In response to today’s announcement by Kenya’s Cabinet Secretary for Interior and Coordination of National Government Joseph Nkaissery that plans to close down Dadaab refugee camp would be delayed by six months, Muthoni Wanyeki, Amnesty International’s Regional Director for East Africa, the Horn and the Great Lakes, said:
“While we welcome the Cabinet Secretary’s pledge that repatriations will be carried out in a humane, dignified manner, the announcement is not a change in policy. Thousands of refugees remain at risk of forced repatriation to a war-torn country with and where they are at risk of death or injury in the ongoing conflict.”
“The Kenyan government must end its dogged determination to repatriate refugees against their will in contravention of international law and instead with donor support, embrace sustainable long-term solutions, including integration of the refugees into local communities. The international community must also share responsibility with Kenya by providing more resettlement places to the most vulnerable refugees.”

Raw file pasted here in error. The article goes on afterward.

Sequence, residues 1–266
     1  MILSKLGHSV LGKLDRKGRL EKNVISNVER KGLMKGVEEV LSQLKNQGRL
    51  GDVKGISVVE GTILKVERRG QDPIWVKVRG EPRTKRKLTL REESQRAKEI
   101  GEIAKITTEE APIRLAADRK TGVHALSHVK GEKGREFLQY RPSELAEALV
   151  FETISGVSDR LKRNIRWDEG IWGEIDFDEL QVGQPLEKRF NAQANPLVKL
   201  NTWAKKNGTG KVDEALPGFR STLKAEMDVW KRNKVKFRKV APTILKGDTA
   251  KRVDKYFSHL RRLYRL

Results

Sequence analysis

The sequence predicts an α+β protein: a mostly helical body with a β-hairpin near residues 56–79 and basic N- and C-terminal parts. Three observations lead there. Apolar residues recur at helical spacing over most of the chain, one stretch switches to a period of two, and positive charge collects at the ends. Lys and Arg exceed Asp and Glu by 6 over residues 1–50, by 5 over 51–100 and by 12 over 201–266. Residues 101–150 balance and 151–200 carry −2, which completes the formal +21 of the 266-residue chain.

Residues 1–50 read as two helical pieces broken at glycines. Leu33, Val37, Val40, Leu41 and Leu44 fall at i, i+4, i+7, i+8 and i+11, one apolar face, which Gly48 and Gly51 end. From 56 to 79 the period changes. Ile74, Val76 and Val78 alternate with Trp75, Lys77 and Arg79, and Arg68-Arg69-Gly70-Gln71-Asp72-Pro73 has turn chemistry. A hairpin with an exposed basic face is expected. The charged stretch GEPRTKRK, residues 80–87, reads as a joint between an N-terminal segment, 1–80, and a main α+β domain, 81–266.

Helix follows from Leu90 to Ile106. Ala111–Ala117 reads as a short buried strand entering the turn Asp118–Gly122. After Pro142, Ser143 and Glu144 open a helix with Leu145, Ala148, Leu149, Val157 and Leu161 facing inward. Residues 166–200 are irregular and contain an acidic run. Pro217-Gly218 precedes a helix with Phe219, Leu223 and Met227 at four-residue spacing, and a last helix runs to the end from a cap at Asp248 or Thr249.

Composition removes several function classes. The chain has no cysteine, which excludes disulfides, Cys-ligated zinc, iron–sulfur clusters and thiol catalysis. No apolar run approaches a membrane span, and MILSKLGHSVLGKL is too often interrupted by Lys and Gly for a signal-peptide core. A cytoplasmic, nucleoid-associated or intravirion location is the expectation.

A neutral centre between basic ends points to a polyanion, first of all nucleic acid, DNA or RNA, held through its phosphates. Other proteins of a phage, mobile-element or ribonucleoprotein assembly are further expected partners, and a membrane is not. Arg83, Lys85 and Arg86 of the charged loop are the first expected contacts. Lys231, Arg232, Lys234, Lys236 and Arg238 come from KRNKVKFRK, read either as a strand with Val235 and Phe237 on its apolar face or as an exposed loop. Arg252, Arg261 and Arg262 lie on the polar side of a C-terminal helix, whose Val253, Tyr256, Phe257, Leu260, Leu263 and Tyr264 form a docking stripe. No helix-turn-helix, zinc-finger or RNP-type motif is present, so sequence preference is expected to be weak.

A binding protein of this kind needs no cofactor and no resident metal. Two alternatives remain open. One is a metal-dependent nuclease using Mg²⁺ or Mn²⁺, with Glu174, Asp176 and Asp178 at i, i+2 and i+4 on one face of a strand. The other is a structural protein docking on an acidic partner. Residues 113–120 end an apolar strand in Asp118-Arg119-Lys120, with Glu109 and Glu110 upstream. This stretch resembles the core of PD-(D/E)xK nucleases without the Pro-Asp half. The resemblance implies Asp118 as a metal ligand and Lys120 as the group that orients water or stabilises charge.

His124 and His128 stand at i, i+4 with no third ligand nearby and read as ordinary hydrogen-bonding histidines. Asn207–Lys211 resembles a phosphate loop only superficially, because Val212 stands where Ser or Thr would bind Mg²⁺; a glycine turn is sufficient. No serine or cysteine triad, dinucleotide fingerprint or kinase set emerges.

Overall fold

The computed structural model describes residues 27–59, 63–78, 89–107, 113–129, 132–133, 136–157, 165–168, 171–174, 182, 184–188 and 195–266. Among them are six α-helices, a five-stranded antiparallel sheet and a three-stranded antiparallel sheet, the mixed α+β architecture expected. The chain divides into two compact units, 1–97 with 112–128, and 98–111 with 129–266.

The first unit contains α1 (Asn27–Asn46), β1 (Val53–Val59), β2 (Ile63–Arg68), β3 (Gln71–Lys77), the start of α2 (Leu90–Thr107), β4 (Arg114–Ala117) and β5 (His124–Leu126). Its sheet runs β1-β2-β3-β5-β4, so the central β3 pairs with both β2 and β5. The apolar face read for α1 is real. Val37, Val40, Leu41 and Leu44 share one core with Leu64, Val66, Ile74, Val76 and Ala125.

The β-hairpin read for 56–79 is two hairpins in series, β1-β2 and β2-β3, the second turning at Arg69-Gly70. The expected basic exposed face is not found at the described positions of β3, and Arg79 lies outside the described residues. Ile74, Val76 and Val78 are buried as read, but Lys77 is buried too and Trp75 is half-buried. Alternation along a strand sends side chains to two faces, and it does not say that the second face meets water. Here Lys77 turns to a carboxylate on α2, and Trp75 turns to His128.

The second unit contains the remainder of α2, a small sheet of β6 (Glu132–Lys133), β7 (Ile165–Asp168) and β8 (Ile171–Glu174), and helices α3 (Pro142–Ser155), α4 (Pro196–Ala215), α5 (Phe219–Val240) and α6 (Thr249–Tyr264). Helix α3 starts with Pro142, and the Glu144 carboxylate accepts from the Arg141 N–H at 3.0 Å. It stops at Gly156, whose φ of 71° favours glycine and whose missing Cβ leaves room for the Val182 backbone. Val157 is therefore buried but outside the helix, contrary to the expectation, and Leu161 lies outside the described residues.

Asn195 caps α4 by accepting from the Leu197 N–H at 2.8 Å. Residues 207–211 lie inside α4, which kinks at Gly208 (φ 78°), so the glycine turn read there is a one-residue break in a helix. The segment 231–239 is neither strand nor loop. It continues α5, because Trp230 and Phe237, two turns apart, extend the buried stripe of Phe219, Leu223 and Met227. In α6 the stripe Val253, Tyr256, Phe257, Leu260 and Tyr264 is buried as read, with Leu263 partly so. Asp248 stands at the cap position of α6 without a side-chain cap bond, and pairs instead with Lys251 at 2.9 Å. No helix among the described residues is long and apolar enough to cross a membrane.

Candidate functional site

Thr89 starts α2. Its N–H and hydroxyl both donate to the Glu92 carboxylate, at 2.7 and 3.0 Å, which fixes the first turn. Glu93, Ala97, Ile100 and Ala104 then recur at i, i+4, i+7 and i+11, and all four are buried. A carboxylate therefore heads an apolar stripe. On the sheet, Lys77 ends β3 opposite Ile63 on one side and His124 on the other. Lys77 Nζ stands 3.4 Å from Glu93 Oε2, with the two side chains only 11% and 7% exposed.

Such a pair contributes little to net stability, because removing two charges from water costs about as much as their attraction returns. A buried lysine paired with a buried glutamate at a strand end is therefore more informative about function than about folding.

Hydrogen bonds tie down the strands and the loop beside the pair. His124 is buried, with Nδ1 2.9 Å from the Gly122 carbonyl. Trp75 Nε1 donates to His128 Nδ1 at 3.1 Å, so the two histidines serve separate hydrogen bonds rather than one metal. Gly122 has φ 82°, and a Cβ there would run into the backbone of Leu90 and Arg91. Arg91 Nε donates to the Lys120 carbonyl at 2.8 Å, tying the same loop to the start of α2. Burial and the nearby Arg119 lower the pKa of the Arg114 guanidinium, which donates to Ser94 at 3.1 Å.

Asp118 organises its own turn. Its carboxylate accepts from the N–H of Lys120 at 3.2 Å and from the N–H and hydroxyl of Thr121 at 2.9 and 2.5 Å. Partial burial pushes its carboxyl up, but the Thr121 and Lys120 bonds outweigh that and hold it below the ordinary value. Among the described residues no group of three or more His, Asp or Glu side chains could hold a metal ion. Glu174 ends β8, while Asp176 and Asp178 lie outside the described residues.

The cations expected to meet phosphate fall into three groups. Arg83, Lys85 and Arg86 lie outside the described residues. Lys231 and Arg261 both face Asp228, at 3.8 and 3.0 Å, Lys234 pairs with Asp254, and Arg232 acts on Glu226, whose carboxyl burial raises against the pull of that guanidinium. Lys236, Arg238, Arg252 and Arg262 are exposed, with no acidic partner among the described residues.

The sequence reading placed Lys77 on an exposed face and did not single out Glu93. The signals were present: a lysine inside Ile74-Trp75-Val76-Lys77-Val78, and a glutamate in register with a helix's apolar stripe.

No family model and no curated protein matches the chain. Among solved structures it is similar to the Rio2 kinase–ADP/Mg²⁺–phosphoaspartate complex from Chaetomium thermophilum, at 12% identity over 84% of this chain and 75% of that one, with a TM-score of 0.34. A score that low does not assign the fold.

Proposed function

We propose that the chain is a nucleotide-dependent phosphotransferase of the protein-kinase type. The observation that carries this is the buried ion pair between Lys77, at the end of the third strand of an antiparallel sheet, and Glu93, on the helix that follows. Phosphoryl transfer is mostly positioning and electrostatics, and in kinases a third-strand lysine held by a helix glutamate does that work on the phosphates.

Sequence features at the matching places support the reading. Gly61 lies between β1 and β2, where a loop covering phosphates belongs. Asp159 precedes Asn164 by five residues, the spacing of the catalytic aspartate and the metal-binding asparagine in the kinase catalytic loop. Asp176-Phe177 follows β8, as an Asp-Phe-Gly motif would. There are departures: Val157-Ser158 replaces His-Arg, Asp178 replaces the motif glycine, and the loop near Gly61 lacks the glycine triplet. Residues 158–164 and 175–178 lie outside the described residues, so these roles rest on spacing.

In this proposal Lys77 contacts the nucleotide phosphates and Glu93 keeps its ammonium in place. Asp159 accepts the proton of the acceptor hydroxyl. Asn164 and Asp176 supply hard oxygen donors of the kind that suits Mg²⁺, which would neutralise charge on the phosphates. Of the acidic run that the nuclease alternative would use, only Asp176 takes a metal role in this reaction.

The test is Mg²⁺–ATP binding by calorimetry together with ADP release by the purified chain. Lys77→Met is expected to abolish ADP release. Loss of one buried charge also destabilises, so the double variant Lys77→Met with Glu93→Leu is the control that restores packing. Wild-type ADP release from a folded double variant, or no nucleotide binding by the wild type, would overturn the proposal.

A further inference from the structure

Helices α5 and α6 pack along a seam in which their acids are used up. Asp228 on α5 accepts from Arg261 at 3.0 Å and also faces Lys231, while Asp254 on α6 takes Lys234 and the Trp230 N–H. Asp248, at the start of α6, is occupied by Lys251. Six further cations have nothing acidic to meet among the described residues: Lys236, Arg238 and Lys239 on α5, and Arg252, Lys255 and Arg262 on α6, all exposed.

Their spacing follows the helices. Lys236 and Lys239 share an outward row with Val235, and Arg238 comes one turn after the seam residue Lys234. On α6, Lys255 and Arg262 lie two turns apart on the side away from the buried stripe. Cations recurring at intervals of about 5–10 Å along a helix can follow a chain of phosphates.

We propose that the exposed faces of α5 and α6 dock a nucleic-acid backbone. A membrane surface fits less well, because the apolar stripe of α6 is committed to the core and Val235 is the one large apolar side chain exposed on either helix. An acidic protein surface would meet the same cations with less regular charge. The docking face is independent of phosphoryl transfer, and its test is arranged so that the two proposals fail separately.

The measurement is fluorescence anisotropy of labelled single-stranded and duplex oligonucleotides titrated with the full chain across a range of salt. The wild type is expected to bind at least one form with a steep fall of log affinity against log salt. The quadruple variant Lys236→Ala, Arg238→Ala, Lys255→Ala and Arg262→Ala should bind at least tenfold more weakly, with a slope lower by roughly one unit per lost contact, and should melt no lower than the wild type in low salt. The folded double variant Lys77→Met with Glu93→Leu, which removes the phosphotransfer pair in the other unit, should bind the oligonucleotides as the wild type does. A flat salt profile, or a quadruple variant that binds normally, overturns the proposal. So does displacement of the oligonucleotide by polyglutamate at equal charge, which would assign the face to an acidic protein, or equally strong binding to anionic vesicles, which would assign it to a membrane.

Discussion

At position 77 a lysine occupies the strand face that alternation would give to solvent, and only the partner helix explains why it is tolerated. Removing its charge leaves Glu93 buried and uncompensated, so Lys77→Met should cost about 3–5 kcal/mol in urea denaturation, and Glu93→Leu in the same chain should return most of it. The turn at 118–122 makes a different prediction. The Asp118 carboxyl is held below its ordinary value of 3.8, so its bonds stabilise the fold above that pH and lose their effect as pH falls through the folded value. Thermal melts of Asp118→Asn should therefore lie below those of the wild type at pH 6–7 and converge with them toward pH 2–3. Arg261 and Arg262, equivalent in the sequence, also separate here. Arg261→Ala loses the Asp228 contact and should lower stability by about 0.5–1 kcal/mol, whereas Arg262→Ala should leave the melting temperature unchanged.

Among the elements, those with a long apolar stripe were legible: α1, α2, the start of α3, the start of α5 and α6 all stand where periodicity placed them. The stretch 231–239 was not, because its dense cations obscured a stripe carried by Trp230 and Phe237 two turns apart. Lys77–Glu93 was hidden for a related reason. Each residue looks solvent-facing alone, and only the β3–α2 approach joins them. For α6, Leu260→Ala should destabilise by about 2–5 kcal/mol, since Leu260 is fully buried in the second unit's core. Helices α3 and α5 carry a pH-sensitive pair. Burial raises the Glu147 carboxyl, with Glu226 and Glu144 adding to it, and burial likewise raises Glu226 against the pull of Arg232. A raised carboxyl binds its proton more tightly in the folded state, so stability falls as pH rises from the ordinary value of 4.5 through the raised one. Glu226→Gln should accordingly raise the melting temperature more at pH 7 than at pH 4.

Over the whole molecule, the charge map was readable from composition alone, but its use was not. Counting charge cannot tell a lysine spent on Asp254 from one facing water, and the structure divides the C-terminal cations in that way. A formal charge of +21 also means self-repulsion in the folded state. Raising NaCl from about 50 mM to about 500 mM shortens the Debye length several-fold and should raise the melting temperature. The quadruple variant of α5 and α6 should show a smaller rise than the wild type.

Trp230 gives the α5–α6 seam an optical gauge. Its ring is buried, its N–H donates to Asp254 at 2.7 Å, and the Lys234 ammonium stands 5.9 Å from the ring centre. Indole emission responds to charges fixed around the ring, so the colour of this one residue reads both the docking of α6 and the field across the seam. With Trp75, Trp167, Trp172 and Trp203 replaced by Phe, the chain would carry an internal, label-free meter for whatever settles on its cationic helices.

The announcement comes one day after Amnesty International issued a report detailing evidence that refugees at the world’s largest refugee camp are being coerced to leave.
Kenya is home to more than 500,000 refugees. At least 330,000 of them are Somalis, of whom around 260,000 are in Dadaab refugee camp.
Somalia has been ravaged by over two decades of conflict. Fighting between government forces supported by African Union troops, and Al-Shabaab militants has resulted in serious human rights violations and devastated basic services and infrastructure.